Ms Stevenson has revealed her son’s story to warn others about the risks of strep A infections.
She told GMA: ‘If your child has any of those signs of fever, complains of pain, sees rashes, just take them to the ER.
‘Catching him early, that’s the most important thing. And listen to your children. Do they tell you that they don’t feel well? Don’t hide it under the rug, assuming it’s a little cold, get it checked out.
Strep A: the signs and symptoms that all parents should be aware of
What symptoms and signs should parents of sick children be aware of? In case it could be invasive?
First, reassure parents that the vast majority of children who are unwell at this time of year are unwell with cold and flu viruses that need very little help or input.
Scarlet fever in particular is associated with a rash, so it is a high fever, and scarlet is due to the color of the rash on white skin.
The key to the rash is that the skin feels bumpy or bumpy. It can sometimes be referred to as a “sandpaper rash.”
In darker skin, parents may not see any color changes often, so sandpaper rash is very important, particularly in the crevices of the arms.
Looking for it in the elbows is a good sport for parents to feel.
The other sign of scarlet fever is what’s called ‘strawberry tongue’, where you get a white coating, redness and irritation on your tongue which, if you stick it out, makes your tongue look like a strawberry.
Doctors recommend antibiotics for people with scarlet fever because, rarely, it can cause the most invasive disease.
If they get a sandpaper rash along with a fever, call NHS 111 or a GP to seek medical attention. But the vast majority of children with a fever respond well to Calpol, acetaminophen or ibuprofen and that should be the first stop for parents as they are concerned.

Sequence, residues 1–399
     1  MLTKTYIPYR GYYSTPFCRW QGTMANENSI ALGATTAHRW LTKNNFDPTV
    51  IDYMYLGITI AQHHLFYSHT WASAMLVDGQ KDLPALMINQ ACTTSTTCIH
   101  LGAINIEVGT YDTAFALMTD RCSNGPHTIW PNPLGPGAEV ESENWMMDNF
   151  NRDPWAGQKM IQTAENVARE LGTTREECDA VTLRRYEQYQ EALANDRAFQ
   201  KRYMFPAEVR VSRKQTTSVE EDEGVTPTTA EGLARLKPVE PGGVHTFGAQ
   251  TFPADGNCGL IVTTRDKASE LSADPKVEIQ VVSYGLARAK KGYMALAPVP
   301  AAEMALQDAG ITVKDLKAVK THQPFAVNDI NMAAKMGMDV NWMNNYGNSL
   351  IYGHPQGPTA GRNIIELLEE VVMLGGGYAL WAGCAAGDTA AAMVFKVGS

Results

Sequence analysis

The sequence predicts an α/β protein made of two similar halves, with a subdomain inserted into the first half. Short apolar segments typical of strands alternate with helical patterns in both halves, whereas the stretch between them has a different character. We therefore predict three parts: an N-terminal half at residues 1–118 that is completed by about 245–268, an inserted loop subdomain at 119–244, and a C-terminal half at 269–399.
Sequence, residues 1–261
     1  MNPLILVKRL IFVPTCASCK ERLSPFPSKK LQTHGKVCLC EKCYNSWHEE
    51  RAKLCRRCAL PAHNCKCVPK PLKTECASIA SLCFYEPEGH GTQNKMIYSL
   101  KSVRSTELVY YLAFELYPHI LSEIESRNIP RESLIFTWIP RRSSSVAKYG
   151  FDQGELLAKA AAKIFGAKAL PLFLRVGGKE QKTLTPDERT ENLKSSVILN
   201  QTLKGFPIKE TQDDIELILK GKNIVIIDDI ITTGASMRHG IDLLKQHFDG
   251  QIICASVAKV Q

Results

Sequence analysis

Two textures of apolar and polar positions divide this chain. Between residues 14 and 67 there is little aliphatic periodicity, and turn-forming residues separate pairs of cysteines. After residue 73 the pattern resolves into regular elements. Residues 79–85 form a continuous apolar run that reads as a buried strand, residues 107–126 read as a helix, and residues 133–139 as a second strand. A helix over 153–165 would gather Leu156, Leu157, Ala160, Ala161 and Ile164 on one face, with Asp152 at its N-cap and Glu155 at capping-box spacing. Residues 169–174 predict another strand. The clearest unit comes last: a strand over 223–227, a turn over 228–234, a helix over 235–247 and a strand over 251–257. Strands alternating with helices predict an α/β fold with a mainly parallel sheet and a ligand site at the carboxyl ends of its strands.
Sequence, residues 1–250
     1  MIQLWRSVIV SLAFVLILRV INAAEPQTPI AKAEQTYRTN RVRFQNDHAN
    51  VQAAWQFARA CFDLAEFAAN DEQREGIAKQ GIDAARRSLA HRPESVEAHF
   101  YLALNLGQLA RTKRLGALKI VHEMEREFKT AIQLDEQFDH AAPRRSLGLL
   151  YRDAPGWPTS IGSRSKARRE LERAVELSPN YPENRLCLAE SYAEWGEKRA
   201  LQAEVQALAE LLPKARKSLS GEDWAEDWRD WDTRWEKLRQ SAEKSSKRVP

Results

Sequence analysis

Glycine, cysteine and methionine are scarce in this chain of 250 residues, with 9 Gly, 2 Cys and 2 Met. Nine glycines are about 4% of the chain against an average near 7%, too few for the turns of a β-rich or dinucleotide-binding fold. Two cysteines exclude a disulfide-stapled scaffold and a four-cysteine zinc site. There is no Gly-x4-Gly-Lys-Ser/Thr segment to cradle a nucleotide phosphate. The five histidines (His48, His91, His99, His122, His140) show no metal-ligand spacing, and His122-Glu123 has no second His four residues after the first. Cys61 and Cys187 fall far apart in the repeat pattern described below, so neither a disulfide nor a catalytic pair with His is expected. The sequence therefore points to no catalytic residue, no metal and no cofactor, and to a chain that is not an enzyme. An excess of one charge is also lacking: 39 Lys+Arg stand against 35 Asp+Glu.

Is there a threshold for discomfort that parents need to notice or take action?
Well, the sore throat that people describe as having group A strep is really the worst sore throat they’ve ever had: they can’t swallow anything. Often they will try to suck on ice cubes as that is the only thing.
So it’s not like a kid says ‘Oh I have a sore throat but I can eat my dinner’, it’s a sore throat when they can’t eat, they can’t drink too, so that’s the first thing.
And again, a sore throat that gets better with some over-the-counter pain reliever is probably not one of those very severe sore throats.
But even more worrisome is the sign of a very sick child. Those signs are a child who is very sleepy, who does not wake up, even after taking some anti-inflammatory medicine, who does not run for a long time, who does not drink and also who is dehydrated and who does not urinate.
If a child does not go to the bathroom a couple of times a day or does not wet his diapers, it is a sign to take into account.
For those more serious things, we often have children and mine included who immediately perk up once you give them some paracetamol. That usually means they have a usual type of viral infection. It’s the ones who don’t dare that really worry us.